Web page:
This was started by me asking about the suggested minimum distances between the listener and the speakers. A straight, perpendicular line from the MLP to the front main wall in my space is about 10 feet. So to be clear, this is not taking into account the depth of the speakers plus any necessary distance from the wall to the back of the speaker.

    ***

    The best spacing we can do in the room is an equilateral triangle among the MLP and main speakers with a 9.5 foot length. That is, 9.5 feet between the *tweeters* and 9.5 feet between a *tweeter* and your ear at the ideal seating position. So this means that the center channel would have to be a bit closer, more like 8.5 feet. Another constraint is that the right speaker must be in a corner (yes, I know) and the left speaker cannot be in a corner to match the right; the space is offset to the right by a doorway on the left.

    The end goal is going to have either a 5.2.4 or 7.2.4 immersive setup, but it will take time to get there. I’ll have a 3.2 setup for a long time. Main priority here is home theater, but music is important. I’m trying to go for an expansive sounding sound stage slightly off axis. We’re going to have a loveseat in the center, so neither of us will actually be sitting in the exact main listening position, if that makes sense.

    One type of sound I’m trying to avoid is a shallow image. I’ve heard setups where the frequency response is spot on, but it “feels” like all the sound is coming form a flat plane in front of me. I want it to have some depth and volume. If it can sound like it’s coming from beyond the wall, I’d be very happy.

    I don’t really think loudness matters, within reason. We typically consider “loud” at the “70” level on our Denon X4500. Not a scientifically accurate reference, I know, but crazy people on another forum love to talk about their 90+ listening, which is insane to me.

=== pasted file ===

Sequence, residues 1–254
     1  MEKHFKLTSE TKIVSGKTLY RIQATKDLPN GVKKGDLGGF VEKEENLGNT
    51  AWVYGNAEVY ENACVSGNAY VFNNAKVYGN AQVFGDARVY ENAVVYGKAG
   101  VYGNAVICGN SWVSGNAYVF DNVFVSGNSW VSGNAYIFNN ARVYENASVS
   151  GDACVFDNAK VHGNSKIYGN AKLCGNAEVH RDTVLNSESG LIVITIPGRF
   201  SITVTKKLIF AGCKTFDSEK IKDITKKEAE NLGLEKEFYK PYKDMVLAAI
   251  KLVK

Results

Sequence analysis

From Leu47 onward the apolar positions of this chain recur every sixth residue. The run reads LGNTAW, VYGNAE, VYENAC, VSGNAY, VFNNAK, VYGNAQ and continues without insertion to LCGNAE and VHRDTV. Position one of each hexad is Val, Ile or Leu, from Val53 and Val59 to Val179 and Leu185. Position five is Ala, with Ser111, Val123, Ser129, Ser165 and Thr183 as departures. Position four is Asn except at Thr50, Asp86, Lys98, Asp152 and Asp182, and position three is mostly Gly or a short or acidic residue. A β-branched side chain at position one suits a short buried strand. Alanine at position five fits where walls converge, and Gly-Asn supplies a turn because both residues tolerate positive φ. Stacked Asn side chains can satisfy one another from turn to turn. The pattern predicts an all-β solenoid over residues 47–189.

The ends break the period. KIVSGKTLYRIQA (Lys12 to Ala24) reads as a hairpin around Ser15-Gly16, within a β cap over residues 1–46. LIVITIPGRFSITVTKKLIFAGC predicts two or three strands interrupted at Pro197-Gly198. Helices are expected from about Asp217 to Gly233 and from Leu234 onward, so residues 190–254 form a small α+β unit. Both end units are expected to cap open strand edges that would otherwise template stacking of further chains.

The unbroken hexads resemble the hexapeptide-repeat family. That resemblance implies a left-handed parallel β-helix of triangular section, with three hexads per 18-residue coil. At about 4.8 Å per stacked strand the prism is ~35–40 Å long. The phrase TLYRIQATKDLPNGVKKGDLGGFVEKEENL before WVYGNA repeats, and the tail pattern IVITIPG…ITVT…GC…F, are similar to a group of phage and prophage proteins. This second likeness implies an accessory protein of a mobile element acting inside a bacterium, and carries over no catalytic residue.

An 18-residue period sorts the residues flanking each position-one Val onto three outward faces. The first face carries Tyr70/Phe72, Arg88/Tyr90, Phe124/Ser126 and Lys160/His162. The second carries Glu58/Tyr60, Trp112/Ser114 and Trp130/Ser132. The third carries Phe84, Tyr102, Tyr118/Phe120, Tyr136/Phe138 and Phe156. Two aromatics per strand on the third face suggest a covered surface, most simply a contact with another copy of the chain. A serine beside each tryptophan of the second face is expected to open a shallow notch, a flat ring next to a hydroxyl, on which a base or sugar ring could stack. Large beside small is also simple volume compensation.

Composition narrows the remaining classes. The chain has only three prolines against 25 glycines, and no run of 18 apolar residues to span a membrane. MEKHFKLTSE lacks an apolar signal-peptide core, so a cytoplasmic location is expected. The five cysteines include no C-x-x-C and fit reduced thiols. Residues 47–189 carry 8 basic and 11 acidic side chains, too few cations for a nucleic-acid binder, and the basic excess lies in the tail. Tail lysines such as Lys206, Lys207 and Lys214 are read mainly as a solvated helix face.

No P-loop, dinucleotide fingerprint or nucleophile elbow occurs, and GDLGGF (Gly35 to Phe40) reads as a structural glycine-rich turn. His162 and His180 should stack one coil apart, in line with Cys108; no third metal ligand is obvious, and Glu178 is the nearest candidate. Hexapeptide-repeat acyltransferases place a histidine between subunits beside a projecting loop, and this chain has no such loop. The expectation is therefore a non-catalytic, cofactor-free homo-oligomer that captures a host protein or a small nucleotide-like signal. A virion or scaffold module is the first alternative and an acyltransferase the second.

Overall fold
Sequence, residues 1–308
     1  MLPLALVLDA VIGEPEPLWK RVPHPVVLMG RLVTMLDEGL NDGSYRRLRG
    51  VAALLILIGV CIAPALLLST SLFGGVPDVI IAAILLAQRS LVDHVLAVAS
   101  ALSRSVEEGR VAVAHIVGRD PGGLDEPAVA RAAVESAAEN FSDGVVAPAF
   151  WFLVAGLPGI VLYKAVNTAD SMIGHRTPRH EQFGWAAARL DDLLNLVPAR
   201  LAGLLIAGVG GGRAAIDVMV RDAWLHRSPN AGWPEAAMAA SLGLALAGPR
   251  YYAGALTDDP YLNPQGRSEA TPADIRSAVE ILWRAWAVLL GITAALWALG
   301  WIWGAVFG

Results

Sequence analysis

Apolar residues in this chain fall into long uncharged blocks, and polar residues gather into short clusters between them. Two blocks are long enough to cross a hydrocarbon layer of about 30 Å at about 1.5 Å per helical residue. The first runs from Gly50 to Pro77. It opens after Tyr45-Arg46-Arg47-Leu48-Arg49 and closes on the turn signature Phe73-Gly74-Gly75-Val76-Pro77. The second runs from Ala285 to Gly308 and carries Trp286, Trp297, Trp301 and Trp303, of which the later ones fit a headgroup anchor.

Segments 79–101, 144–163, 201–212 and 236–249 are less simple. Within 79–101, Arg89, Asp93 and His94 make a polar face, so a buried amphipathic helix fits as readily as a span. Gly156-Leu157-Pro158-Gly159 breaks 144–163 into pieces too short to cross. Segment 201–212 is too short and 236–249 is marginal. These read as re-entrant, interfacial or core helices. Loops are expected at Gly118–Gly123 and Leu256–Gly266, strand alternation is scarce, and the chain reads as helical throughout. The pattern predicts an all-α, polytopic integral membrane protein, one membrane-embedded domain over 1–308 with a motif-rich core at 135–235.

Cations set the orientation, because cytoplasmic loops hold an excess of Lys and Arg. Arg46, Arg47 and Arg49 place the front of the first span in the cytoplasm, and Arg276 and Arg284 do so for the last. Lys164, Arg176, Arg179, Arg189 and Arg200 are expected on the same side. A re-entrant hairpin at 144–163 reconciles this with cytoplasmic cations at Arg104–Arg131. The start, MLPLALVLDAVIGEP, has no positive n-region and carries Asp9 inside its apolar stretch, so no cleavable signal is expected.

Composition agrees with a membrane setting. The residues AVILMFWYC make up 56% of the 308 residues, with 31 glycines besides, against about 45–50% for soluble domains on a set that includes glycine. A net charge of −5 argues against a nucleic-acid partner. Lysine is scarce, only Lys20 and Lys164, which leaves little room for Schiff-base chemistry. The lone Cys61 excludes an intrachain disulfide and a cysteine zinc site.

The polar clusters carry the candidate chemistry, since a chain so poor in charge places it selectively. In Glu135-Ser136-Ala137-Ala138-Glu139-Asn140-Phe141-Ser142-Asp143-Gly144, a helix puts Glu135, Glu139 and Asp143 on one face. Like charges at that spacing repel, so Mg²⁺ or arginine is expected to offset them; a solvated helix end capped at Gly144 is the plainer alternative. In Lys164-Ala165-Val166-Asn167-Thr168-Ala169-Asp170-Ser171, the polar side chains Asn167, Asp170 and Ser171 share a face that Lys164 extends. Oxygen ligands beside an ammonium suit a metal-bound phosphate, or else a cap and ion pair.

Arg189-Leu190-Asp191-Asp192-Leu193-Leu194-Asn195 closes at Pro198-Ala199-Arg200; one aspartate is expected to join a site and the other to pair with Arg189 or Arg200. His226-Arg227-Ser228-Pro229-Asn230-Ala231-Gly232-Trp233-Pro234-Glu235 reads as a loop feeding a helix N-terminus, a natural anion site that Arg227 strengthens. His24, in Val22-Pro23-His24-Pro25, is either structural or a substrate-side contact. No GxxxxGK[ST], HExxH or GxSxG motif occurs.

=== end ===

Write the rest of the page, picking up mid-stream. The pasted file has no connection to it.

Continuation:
I’m not entirely sure if this was what you were asking, but I hope that’s enough to get me going. I’m absolutely open to suggestions and would appreciate it! Thanks!
    Short answer: The L7 and L6 combo, or if budget won't permit, all L3c. All go to 6 or 7 on the loudness 10 scale, and all go way up on the image and soundstage scale. (The L7 images better than all but one system I've heard and that system was impossibly unique and won't ever happen again. In terms of a production speaker, the L7 is to my admittedly limited experience the image leader in terms of width, height, and depth, and the L3c is terms of sheer cohesive density within a slightly smaller picture than the L7. I can get palpable singers just in front of the plane of the speakers from the same recordings that create effects fifteen feet behind them out into the yard.)

    The L6 is the match for an L7 L&R pair, and the L3c is its own center and main.

    Add an active bass system to pick up some acoustical size - some loudness - and unless you need the added 6dB or so the big 700's bring, you should be fine.

    If BTJ happens along he might add to this. He's got more time on the L3c and 752 than I do, and in more rooms than I. He's also heard some exotic hifi shop stuff lately, if I'm not mistaken.

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    • #3
      Alright. I got the wife to approve the color of the L series, so we’re in. I’ll go with the L7/L6 combo, budget permitting. Looking forward to the release. Thanks!